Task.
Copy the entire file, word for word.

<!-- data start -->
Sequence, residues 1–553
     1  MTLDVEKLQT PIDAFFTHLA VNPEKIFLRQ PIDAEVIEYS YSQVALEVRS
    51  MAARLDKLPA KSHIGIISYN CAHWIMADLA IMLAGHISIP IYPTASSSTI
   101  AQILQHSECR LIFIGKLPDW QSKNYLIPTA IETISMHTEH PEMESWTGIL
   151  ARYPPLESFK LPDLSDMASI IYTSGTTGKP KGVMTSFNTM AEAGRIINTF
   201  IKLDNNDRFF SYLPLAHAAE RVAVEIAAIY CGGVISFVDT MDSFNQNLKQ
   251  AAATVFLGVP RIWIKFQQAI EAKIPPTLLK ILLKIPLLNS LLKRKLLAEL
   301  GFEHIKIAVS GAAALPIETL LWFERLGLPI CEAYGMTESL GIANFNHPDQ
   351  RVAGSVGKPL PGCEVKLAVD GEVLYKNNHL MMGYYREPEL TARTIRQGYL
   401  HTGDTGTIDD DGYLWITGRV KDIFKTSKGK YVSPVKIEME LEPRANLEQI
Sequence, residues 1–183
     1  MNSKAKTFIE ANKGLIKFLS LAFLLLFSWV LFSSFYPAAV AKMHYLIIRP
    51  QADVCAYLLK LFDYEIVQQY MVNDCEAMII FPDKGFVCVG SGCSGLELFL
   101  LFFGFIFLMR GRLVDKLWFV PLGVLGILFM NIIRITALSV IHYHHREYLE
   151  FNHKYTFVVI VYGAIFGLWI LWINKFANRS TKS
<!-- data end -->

Sequence, residues 1–553
     1  MTLDVEKLQT PIDAFFTHLA VNPEKIFLRQ PIDAEVIEYS YSQVALEVRS
    51  MAARLDKLPA KSHIGIISYN CAHWIMADLA IMLAGHISIP IYPTASSSTI
   101  AQILQHSECR LIFIGKLPDW QSKNYLIPTA IETISMHTEH PEMESWTGIL
   151  ARYPPLESFK LPDLSDMASI IYTSGTTGKP KGVMTSFNTM AEAGRIINTF
   201  IKLDNNDRFF SYLPLAHAAE RVAVEIAAIY CGGVISFVDT MDSFNQNLKQ
   251  AAATVFLGVP RIWIKFQQAI EAKIPPTLLK ILLKIPLLNS LLKRKLLAEL
   301  GFEHIKIAVS GAAALPIETL LWFERLGLPI CEAYGMTESL GIANFNHPDQ
   351  RVAGSVGKPL PGCEVKLAVD GEVLYKNNHL MMGYYREPEL TARTIRQGYL
   401  HTGDTGTIDD DGYLWITGRV KDIFKTSKGK YVSPVKIEME LEPRANLEQI
Sequence, residues 1–183
     1  MNSKAKTFIE ANKGLIKFLS LAFLLLFSWV LFSSFYPAAV AKMHYLIIRP
    51  QADVCAYLLK LFDYEIVQQY MVNDCEAMII FPDKGFVCVG SGCSGLELFL
   101  LFFGFIFLMR GRLVDKLWFV PLGVLGILFM NIIRITALSV IHYHHREYLE
   151  FNHKYTFVVI VYGAIFGLWI LWINKFANRS TKS